U.S. prosecutors have laid out in court details of what they say are lies by former top associates of President Donald Trump regarding their interactions with Russian contacts, charges that will likely lead to long prison terms for the two men.
The accusations against former Trump campaign chairman Paul Manafort and former personal lawyer Michael Cohen were made in separate filings late on December 7 in federal court.
Despite the allegations against former top associates of Trump, the White House late on December 7 issued a statement saying the filings offered nothing new or damaging about the president and blamed the media for "trying to create a story where there isn't one."
Special Counsel Robert Mueller is investigating alleged Russian meddling in the 2016 presidential election and whether there was collusion between associates of Trump and Russia.
Moscow denies it interfered, despite substantial evidence. Trump has repeatedly denied collusion between his team and Russia.
Mueller's office charged in U.S. District Court in Washington that Manafort made "multiple discernible lies" regarding his contacts with Russian-Ukrainian political consultant Konstantin Kilimnik, violating the terms of a previous plea deal.
The filing states Manafort lied about Kilimnik's efforts to tamper with witnesses, the circumstances around a $125,000 payment to a firm working for Manafort, and Manafort's contacts with Trump administration officials.
Mueller’s office also said Manafort told investigators he spoke with officials only prior to and after they had left the Trump administration. But prosecutors allege that a review of Manafort’s electronic documents shows he had "additional contacts" with the officials.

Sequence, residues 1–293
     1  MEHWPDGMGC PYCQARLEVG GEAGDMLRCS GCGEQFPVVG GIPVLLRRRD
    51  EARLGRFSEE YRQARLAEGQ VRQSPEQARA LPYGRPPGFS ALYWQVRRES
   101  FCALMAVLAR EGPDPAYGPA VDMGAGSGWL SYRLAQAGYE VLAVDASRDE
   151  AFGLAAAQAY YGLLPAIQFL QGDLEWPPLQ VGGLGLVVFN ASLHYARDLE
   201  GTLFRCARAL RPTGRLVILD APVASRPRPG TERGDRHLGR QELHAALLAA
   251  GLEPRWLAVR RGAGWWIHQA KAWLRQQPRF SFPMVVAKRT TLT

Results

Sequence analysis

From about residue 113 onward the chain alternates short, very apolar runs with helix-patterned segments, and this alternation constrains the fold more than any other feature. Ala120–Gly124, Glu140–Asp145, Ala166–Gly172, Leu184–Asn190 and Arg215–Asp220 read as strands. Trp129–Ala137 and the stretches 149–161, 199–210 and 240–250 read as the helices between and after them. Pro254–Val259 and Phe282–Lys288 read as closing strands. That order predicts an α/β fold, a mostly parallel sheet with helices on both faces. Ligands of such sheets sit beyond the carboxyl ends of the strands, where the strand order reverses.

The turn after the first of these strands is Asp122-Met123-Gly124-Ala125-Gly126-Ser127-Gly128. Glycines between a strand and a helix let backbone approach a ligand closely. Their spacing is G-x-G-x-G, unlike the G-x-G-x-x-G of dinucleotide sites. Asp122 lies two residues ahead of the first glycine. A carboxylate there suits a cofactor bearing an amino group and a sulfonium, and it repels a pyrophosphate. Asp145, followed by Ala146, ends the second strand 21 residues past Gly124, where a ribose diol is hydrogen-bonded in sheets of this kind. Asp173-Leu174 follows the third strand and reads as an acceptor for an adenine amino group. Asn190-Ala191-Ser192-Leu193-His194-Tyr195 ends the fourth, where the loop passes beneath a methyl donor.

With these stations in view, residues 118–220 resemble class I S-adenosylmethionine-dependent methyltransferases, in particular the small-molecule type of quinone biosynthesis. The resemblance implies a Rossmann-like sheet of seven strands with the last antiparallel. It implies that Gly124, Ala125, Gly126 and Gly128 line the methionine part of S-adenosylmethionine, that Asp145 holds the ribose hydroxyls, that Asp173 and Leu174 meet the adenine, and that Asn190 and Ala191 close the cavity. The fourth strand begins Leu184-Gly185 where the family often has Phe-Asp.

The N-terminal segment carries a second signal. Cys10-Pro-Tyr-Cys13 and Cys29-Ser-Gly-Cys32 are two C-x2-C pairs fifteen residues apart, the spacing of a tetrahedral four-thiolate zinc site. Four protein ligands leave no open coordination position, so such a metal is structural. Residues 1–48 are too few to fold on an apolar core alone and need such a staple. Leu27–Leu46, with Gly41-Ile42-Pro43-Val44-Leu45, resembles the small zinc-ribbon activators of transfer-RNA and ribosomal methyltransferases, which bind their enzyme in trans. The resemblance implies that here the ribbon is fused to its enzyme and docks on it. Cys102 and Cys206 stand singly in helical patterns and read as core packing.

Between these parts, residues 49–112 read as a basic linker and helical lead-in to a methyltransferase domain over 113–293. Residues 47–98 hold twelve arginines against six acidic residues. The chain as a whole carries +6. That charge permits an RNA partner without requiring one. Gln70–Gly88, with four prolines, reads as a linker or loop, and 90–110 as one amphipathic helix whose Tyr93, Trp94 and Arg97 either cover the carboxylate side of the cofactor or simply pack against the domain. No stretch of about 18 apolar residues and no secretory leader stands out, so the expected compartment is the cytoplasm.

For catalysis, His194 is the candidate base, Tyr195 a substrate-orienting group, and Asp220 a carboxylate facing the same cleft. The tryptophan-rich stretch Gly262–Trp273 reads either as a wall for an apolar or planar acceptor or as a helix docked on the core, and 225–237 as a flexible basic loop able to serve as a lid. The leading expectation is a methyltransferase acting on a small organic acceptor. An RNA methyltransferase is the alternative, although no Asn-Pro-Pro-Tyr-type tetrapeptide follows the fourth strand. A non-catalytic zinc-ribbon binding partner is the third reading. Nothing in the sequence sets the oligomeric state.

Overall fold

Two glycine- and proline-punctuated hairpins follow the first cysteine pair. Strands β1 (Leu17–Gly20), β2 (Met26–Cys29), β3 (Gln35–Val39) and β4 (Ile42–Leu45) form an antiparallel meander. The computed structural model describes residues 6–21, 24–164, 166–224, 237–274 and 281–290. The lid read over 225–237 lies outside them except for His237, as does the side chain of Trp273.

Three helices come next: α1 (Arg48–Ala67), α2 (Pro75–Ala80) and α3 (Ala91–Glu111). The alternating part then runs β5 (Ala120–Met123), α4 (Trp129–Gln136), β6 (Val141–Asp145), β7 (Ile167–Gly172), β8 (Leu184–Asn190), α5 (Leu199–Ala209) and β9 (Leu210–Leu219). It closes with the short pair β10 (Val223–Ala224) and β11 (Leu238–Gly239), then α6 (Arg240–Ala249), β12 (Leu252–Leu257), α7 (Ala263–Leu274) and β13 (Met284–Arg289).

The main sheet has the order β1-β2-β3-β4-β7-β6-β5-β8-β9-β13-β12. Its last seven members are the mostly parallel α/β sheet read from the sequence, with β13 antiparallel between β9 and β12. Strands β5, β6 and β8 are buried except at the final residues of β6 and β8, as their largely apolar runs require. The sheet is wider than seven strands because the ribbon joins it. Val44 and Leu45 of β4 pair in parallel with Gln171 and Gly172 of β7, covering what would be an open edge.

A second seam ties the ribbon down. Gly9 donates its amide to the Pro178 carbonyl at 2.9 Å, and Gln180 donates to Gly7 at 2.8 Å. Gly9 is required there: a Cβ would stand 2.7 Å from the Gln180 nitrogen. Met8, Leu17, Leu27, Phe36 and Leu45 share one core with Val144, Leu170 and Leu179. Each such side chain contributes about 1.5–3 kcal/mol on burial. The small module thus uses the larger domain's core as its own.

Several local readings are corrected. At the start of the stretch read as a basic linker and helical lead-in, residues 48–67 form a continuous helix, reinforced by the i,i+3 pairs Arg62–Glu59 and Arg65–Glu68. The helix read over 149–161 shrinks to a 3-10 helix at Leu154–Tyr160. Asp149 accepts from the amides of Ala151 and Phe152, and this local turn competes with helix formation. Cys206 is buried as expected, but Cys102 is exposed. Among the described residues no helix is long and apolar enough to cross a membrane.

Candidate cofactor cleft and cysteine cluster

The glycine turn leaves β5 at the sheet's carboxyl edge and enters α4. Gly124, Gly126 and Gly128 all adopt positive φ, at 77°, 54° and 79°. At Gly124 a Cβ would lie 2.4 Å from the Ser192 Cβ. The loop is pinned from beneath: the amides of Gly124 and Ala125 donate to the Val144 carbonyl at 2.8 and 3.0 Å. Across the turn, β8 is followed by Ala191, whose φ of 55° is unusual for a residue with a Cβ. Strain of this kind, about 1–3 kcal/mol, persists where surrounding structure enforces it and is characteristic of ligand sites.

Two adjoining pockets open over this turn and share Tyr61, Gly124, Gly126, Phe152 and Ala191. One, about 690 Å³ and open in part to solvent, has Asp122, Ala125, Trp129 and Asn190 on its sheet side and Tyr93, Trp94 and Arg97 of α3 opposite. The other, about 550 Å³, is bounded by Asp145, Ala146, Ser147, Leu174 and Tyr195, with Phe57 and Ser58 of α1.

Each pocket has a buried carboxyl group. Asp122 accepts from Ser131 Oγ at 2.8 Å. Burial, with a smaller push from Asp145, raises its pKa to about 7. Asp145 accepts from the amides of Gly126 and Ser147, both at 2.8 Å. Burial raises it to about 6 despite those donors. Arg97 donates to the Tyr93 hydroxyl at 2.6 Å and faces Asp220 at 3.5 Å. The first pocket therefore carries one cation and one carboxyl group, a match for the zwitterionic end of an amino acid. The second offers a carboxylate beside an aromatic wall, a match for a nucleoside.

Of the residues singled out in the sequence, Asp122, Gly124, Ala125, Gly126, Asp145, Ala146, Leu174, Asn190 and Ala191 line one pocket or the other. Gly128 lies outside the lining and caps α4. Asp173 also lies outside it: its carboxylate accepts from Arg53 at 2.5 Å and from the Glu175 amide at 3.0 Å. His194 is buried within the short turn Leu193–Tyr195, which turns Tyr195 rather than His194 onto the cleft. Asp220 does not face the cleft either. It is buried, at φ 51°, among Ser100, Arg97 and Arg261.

Manafort's lawyers deny he lied, and it will be up to a judge to rule on whether he broke his plea deal.
The 69-year-old Manafort already faces years in prison after pleading guilty to conspiracy counts in the Washington court and being convicted of financial fraud crimes at a Virginia court, which is scheduled to sentence him in February.
He pleaded guilty in September in the Washington case and had agreed to cooperate with the investigation. He is being held in jail after his bail was revoked.
Manafort did political work for Moscow-friendly former Ukrainian President Viktor Yanukovych and his party, and undisclosed lobbying work he admitted to performing on behalf of Ukraine in violation of U.S. law.
Manafort joined Trump's presidential campaign in March 2016 and became chairman but resigned five months later.
Meanwhile, prosecutors in Manhattan asked a judge to sentence Cohen to a "substantial” prison term after he admitted to paying a porn actress money to keep her from embarrassing Trump during the 2016 election.
Some of the money that was paid to the women allegedly came from shell corporations that Cohen set up, and with money that was allegedly provided by Trump.
Investigators have been looking at whether the money Trump allegedly paid could constitute a contribution to his election effort, and whether it should have been disclosed under federal election law.
Mueller asked a judge for no additional prison time for Cohen on a separate set of charges that said the lawyer lied about potential Moscow real estate development that could have brought Trump’s business “hundreds of millions of dollars from Russian sources."
The filing detailed how Cohen spoke to a Russian as early as 2015 who "claimed to be a 'trusted person' in the Russian Federation who could offer the campaign 'political synergy' and 'synergy on a government level,'" although the meeting never took place.
Cohen, who has been cooperating with Mueller, pleaded guilty to charges including tax, bank, and campaign-finance fraud in August.
Cohen worked for years for Trump’s business organization, serving as a "fixer," to help out with business deals and other matters.
Cohen is scheduled to be sentence on December 12 on all the federal charges he has pleaded guilty to.
The moves follow the release of a sentencing memo on December 4 by the special counsel's office regarding Trump's first national security adviser, Michael Flynn.
In December 2017, 10 months after being fired by Trump, Flynn pleaded guilty to charges of lying to FBI investigations about secretive conversations with the Russian ambassador to the United States, Sergei Kislyak.
Mueller recommended no prison time for Flynn because of the assistance he has provided prosecutors, but he offered few details into the scope of that cooperation.